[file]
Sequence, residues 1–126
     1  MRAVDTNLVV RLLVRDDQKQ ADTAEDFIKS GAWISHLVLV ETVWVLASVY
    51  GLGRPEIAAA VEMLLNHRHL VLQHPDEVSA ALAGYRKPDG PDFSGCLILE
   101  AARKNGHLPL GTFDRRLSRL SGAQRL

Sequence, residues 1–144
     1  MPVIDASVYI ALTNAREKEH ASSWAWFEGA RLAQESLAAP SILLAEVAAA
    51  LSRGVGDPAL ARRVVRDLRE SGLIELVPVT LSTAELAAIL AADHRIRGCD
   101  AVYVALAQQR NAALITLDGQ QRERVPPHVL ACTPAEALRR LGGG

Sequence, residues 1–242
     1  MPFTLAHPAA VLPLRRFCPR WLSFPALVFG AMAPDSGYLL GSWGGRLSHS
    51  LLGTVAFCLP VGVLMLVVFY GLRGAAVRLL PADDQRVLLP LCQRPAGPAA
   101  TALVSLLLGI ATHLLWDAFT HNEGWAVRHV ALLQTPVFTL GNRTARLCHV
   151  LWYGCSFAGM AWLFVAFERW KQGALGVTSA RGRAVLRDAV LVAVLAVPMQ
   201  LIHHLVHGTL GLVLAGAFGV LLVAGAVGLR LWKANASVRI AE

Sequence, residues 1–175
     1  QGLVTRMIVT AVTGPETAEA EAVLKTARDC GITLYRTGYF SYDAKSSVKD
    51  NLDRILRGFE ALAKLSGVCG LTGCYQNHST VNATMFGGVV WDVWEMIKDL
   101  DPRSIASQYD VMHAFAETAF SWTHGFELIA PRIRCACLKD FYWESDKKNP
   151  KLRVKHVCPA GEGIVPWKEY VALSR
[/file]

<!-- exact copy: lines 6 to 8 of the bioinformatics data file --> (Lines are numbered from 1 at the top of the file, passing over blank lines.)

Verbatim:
     1  MPVIDASVYI ALTNAREKEH ASSWAWFEGA RLAQESLAAP SILLAEVAAA
    51  LSRGVGDPAL ARRVVRDLRE SGLIELVPVT LSTAELAAIL AADHRIRGCD
   101  AVYVALAQQR NAALITLDGQ QRERVPPHVL ACTPAEALRR LGGG